For over a year, I’ve been reading about the proliferation of fake news on social media. My interest was first piqued when I read articles about people/companies using “chatbots” to automatically create and disseminate messages on social media channels (e.g., Twitter). Essentially a chatbot is a computer program that can reply to, or create, messages and disseminate them automatically. They can produce one message or thousands. Dissemination and broadcast takes seconds.
Last week I read an article in the New York Times called “In Italian Schools, Reading, Writing and Recognizing Fake News.” The article describes a new program being taught to school children in Italy about how to recognize fake news stories on the internet and social media. The students are taught how to verify resources and spot propaganda, to prevent the spread of damaging messages and news stories.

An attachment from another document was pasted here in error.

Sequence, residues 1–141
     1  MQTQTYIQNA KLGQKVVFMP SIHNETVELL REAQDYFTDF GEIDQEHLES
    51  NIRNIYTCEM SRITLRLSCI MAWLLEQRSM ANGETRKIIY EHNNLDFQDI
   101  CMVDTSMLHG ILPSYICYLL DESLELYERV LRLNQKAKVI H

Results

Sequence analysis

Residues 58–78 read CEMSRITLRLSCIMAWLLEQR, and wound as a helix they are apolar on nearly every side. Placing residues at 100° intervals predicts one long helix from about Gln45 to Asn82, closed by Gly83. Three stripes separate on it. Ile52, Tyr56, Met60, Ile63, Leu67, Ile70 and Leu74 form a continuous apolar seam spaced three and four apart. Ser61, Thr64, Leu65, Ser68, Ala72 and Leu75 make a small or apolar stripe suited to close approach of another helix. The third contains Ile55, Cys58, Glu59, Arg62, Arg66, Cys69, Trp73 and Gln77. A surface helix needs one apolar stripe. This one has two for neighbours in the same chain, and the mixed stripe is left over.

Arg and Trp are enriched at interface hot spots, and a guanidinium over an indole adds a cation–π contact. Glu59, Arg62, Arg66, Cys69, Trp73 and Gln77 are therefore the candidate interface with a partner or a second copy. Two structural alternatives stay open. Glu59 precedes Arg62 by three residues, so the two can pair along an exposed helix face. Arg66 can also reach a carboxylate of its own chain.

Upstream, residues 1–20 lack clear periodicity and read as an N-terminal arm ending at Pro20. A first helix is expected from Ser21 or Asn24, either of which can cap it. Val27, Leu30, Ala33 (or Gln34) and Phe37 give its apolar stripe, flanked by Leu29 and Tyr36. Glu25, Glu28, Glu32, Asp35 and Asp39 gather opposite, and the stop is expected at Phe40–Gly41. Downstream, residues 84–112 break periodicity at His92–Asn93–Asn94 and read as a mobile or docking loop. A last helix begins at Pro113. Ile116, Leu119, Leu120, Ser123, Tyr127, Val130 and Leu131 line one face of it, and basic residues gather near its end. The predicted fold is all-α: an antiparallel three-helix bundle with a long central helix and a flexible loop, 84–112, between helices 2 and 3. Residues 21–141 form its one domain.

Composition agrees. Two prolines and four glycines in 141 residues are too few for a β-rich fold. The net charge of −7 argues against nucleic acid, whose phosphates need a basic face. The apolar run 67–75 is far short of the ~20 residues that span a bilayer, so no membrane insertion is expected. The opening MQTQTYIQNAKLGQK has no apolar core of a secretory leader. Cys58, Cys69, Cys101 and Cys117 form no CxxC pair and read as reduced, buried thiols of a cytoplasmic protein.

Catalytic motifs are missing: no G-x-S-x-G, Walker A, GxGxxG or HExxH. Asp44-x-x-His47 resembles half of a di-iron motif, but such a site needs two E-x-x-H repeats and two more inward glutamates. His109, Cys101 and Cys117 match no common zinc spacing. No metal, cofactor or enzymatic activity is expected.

It’s great that the Italians have decided to start this program, educating their students on how to spot fake news and assess resources. But these skills are nothing new. Ask any librarian, or decent journalist, professions that have specialized in this very thing since their inception. Somewhere along the way, we lost these skills and the desire to have them.
I’m not sure what’s changed since I was a student, but I was always taught to vet my resources, even before becoming a librarian. What is it about the internet, and especially social media, that makes us so willing to believe everything we read without using our judgment?
Three factors exacerbate this problem.
- People are inundated with information and “cool” things to read on the internet (and social media) 24/7. It’s only natural this would cause some fatigue when trying to vet every resource.
- Social media is the perfect medium for spreading news, including fake news, fast. It doesn’t take long for bad information to become part of the main stream.
- The methods used to disseminate fake news are clever. Sometimes fake news can imitate almost perfectly a reputable news source, making it difficult to spot.
The internet has opened up an infinite number of options for receiving and disseminating information. To my librarian sensibilities this means having the skills to discern and evaluate resources are even more critical than before. And yet, it’s all too easy to get what you need from a Google search, without any regard to the credibility and reliability of the resources.